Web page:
All or nothing

My art is taking presence over everything else. I'm forgetting to eat. Kinda crucial...eating. I'm working on my skills as an oil painter. I've only painted in oils about 10 times total or so. Most were abstract. I felt I wasn't really taught the basics. College painting was all about the feel and interpretation, and not really how you actually do it. It's kind of like trying to learn to swim by just jumping in. It would be much quicker and with less casualties if I was taught basic strokes first. (Ha ha...groan.)

YouTube is a great reference. I decided to use the blocking out method. I did an under drawing with a red pastel pencil, used lots of thinner with a little bit of paint to block out colors. Blocking out just means you find a certain color and fill that shape in. It looks blotchy and weird, but you should see vague features. I used only a few colors: white, raw umber, yellow ochre, burnt sienna, and crimson. This kept the oil from getting too dark and muddy. Do not use black! Then, with more paint and more white, you go back in with a smaller brush and with a dabbing/small stroke motion, add more color. No broad sweeping! I learned that the hard way. The only place for broad sweeping is for sky and reflections in water.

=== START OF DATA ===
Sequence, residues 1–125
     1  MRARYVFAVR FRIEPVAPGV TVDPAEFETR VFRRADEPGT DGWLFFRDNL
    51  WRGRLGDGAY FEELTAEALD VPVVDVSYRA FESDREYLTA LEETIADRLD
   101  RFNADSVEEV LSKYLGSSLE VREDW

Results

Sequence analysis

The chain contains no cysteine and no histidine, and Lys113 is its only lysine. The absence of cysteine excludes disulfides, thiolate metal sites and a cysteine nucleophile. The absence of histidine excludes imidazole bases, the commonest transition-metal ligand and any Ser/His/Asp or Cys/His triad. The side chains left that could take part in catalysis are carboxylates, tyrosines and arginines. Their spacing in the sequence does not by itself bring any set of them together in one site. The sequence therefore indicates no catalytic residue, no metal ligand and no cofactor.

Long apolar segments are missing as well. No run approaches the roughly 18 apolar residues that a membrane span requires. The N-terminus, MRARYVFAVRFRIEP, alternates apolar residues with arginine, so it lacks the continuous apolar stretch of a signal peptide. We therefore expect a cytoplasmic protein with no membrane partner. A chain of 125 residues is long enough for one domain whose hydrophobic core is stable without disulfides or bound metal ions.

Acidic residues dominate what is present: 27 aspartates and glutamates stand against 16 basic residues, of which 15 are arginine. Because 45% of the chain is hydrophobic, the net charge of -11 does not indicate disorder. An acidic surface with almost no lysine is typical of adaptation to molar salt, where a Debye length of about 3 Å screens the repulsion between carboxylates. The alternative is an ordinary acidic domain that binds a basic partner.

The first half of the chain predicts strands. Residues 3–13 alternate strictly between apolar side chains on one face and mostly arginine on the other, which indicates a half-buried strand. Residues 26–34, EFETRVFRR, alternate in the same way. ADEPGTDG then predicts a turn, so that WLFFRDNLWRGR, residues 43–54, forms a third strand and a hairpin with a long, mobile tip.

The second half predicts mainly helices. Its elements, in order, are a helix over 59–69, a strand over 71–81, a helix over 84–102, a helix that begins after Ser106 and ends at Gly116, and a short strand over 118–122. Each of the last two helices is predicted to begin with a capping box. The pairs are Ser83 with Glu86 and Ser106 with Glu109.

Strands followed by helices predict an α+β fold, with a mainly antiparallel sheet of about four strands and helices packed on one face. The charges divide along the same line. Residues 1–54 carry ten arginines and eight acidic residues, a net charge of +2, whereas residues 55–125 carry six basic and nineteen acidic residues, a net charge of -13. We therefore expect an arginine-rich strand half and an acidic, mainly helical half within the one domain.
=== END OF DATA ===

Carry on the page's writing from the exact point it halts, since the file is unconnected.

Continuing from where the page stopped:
With my first painting, I'm not going to get likeness. That might be a lofty goal. I'm striving for resemblance, and that it actually looks like a human in the correct race, sex, and age. So far so good on that count! A lot can change in a painting!

The other oil painting I'm working on is a fun and easy one. It's basically a sunset sky with a bridge. I grew up in Charles City. It's a small town in Northeastern Iowa famous for being America's Hometown and also for it's wonderful walking bridge. Two "hundred" year floods took out the old wood swinging bridge. The city replaced it with a solid suspension bridge. It's modern and beautiful.

So far, only the sky is done. So much fun to paint! Once again, I found blocking to be a great advantage to keep the color from mixing too much. It becomes a very unattractive color of gray, browns and greens.  I will wait for it to dry a bit before layering over it the dark bridge.